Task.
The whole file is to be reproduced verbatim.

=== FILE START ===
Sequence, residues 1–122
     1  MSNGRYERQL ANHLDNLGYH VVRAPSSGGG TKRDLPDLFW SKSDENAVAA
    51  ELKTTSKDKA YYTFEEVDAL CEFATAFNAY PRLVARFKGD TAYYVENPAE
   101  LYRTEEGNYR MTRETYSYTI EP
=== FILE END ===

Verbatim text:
Sequence, residues 1–122
     1  MSNGRYERQL ANHLDNLGYH VVRAPSSGGG TKRDLPDLFW SKSDENAVAA
    51  ELKTTSKDKA YYTFEEVDAL CEFATAFNAY PRLVARFKGD TAYYVENPAE
   101  LYRTEEGNYR MTRETYSYTI EP